The proportion of women undergoing screening for breast cancer every year did not change after a government-backed panel said women in their 40s shouldn't have routine mammograms, according to a new study.
In 2009, the U.S. Preventive Services Task Force (USPSTF) recommended that women aged 50 to 74 have a mammogram every other year and said for younger women, screening should be an individual decision by each woman with her doctor.
That's because the benefits of screening only slightly outweigh harms from overdiagnosis and unnecessary treatment and any potential benefits are smaller in younger women, according to Dr. Michael LeFevre, co-vice chair of the Task Force.
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LeFevre, who is also a family medicine doctor at the University of Missouri School of Medicine in Columbia, said he didn't find the new results all that surprising.
"It would be optimistic to think the lack of change reflects the decision by many women in their 40s to go ahead and proceed with mammography with a clear understanding of the benefits as well as the risks," he told Reuters Health.
"I think it is a bit more likely that physicians continue to recommend mammography without necessarily discussing the specifics of what the science tells us," said LeFevre, who wasn't involved in the new study. "It's always easier to do than to discuss."
Dr. Lydia Pace from Brigham and Women's Hospital in Boston and her colleagues analyzed nationally-representative surveys of close to 28,000 women, age 40 and older, from 2005, 2008 and 2011. Among other things, women were asked if they'd had a mammogram in the past year.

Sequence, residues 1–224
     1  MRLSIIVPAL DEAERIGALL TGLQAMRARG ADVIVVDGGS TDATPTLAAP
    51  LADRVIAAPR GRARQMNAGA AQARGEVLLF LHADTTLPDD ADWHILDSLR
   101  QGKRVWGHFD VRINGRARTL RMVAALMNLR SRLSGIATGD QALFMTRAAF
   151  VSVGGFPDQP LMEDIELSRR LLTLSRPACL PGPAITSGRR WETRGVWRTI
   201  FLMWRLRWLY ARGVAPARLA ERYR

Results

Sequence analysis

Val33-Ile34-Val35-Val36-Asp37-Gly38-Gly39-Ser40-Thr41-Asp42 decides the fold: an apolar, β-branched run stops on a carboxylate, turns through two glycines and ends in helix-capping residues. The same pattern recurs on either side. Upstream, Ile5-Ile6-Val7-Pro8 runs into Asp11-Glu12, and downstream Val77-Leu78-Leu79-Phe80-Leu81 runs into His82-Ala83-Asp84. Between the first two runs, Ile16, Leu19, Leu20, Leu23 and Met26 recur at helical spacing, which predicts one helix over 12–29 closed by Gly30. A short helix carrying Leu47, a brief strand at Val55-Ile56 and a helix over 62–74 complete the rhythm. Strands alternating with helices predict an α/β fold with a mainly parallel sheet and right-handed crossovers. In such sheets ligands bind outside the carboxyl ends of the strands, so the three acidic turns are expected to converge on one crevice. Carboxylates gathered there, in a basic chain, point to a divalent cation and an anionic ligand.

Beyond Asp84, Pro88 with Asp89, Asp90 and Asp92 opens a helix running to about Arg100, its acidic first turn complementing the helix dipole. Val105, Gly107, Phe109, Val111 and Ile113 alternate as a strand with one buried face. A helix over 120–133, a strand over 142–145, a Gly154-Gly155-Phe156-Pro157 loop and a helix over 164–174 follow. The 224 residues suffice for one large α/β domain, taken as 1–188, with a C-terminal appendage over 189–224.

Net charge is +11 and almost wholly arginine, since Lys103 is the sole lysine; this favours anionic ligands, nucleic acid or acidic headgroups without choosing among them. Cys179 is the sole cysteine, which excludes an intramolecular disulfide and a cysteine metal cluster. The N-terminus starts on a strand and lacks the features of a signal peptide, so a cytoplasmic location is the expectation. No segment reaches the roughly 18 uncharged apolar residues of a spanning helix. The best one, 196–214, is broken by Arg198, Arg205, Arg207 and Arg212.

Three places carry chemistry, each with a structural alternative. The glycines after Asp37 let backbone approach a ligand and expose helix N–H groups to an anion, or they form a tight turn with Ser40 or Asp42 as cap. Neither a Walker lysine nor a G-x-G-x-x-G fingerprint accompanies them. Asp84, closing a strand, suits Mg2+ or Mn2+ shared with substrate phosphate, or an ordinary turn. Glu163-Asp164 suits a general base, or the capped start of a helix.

Overall, there was no clear change in screening rates after the USPSTF's recommendation: 53.6 percent of all women said they'd recently had a mammogram in 2011, compared to 51.9 percent in 2008.
Mammography rates did not change in any age group. Among women in their 40s, 47.5 percent had been recently screened as of 2011, compared to 46.1 percent in 2008.
Some professional organizations, such as The American College of Obstetricians and Gynecologists, still recommend regular screening for women as young as 40 - and surveys suggest many doctors favor that approach.
"When there are conflicting versions of guidelines, providers may err on the side of screening," said David Howard, a health policy researcher from Emory University in Atlanta who has studied mammography.
One of the issues is that both individual women and guideline-making groups may weigh the benefits and harms of mammography differently, researchers said.
Some may accept any risk for a small chance of catching breast cancer early, whereas others will weigh the harms of infection and bleeding from biopsies, for example, more heavily.
Howard said that over time, there may be a shift toward fewer women in their 40s having mammograms.
Because the guidelines are relatively recent, "A lot of women in that age group turned 40 with the expectation that they would get a mammogram every year or every other year," Howard, who also wasn't part of the new research team, told Reuters Health.
"I think it's a harder thing to stop screening if you've already started," Pace agreed. "That could account for some of the lack of decline."
However, she told Reuters Health, "Given how widespread the publicity was about these recommendations, I think most providers were certainly aware of them, and we would have expected to see some changes we didn't see."
Researchers said women in their 40s should be fully informed about the benefits and risks of screening before deciding to have a mammogram.
"For younger women," Pace said, "the decision to undertake mammography screening is one that is not necessarily taken lightly."
"Be aware that there is some benefit - the benefit is quite small, there are some risks and that a personal decision is absolutely to be honored," LeFevre said.
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